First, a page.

The impact of off-task and gaming behaviors on learning: immediate or aggregate?
Cocea, C. and Hershkovitz, A. and Baker, R.S.J.D. (2009) The impact of off-task and gaming behaviors on learning: immediate or aggregate? In: Dimitrova, V. and Mizoguchi, R. and du Boulay, B. and Graesser, A. (eds.) Artificial Intelligence in Education Building Learning Systems that Care: From Knowledge Representation to Affective Modelling. Frontiers in Artificial Intelligence and Applications 200. Amsterdam, The Netherlands: IOS Press, pp. 507-514. ISBN 9781607500285.
Both gaming the system (taking advantage of the system's feedback and help to succeed in the tutor without learning the material) and being off-task (engaging in behavior that does not involve the system or the learning task) have been previously shown to be associated with poorer learning. In this paper we investigate two hypotheses about the mechanisms that lead to this reduced learning: (a) less learning within individual steps (immediate harmful impact) and (b) overall learning loss due to fewer opportunities to practice (aggregate harmful impact). We show that gaming tends to have immediate harmful impact while off-task tends to have aggregated harmful impact on learning.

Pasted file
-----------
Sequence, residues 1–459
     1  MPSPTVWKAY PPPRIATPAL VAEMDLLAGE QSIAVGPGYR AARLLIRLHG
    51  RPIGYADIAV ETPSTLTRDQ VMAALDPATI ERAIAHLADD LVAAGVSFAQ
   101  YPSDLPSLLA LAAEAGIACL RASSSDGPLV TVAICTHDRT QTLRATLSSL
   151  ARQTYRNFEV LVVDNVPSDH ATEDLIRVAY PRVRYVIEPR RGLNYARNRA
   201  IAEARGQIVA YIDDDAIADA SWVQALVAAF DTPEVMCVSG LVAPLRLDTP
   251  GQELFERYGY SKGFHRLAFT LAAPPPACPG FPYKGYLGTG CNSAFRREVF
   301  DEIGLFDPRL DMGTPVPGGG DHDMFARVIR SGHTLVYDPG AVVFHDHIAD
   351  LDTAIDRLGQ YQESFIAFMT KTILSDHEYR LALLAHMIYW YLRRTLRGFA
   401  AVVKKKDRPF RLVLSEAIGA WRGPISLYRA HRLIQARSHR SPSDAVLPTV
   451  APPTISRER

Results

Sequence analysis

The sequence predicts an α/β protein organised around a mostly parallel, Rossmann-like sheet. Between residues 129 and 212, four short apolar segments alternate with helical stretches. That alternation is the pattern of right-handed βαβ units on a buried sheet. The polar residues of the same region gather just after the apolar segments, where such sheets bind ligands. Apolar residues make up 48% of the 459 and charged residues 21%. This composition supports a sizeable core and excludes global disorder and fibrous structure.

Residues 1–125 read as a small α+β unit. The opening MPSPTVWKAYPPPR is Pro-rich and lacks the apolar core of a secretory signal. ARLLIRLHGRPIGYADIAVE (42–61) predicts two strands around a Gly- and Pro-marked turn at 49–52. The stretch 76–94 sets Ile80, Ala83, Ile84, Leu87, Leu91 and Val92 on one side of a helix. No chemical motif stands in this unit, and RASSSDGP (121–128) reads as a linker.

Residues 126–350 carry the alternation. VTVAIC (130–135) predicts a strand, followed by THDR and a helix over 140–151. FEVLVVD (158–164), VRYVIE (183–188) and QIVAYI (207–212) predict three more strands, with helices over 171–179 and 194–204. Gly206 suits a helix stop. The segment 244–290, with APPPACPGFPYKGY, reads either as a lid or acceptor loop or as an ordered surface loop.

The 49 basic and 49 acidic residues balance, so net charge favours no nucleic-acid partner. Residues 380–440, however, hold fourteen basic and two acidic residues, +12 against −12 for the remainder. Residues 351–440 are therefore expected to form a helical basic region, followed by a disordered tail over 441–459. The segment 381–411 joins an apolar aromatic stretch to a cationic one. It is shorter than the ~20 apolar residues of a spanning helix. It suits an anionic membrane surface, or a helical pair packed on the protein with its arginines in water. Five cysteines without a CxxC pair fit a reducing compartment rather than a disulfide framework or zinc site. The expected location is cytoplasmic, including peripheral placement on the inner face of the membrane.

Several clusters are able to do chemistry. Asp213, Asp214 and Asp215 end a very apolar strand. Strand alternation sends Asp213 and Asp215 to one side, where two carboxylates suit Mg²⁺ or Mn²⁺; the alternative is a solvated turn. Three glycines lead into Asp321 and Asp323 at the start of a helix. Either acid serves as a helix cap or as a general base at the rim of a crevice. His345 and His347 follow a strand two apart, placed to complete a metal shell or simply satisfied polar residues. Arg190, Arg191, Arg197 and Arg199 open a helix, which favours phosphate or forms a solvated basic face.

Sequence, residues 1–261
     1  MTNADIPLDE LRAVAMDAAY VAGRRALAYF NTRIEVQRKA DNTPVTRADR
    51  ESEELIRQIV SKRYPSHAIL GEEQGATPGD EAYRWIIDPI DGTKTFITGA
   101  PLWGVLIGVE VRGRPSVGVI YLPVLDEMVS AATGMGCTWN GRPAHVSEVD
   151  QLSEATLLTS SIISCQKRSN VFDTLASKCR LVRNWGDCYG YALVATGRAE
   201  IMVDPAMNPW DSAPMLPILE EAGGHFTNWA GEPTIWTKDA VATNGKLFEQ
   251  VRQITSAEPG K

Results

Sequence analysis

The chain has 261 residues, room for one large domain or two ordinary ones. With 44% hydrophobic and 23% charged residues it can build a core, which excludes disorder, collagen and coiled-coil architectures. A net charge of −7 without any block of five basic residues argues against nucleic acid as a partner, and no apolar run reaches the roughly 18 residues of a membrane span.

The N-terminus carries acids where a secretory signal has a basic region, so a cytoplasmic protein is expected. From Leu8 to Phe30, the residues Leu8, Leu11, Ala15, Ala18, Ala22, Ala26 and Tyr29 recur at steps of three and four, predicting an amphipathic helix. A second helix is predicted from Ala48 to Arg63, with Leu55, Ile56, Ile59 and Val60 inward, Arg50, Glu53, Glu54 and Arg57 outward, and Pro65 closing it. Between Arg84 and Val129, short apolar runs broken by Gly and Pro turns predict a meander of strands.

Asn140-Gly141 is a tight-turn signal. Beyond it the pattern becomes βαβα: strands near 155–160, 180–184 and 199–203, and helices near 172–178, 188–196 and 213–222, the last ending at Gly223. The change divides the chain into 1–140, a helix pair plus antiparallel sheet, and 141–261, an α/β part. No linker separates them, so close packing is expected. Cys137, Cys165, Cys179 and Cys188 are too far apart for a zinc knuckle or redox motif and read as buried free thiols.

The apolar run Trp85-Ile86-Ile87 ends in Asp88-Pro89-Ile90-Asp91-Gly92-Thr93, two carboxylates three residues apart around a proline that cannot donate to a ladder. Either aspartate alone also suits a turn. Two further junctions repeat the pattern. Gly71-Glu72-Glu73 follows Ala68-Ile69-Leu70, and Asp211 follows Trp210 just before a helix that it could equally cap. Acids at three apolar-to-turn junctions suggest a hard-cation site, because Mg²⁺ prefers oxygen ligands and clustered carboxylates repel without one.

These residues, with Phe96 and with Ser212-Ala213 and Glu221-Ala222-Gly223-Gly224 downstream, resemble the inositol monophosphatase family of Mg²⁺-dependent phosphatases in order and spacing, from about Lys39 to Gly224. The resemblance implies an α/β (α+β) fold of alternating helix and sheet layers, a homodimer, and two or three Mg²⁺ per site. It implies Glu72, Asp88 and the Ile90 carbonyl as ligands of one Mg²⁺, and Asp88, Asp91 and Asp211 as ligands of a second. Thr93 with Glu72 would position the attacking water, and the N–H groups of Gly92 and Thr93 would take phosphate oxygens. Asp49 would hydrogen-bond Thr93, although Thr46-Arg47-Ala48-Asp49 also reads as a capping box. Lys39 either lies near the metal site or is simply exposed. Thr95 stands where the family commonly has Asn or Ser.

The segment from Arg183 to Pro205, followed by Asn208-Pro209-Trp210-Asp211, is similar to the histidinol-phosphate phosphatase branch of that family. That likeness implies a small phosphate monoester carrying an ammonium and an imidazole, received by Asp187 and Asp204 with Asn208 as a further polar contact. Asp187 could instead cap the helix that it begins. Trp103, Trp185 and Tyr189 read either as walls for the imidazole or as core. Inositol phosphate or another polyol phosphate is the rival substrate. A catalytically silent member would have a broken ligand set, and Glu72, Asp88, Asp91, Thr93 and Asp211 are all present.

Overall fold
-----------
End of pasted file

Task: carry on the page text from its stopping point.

|Item Type:||Book Section|
|School:||Birkbeck Schools and Departments > School of Business, Economics & Informatics > Computer Science and Information Systems|
|Date Deposited:||21 Feb 2011 11:52|
|Last Modified:||17 Apr 2013 12:20|
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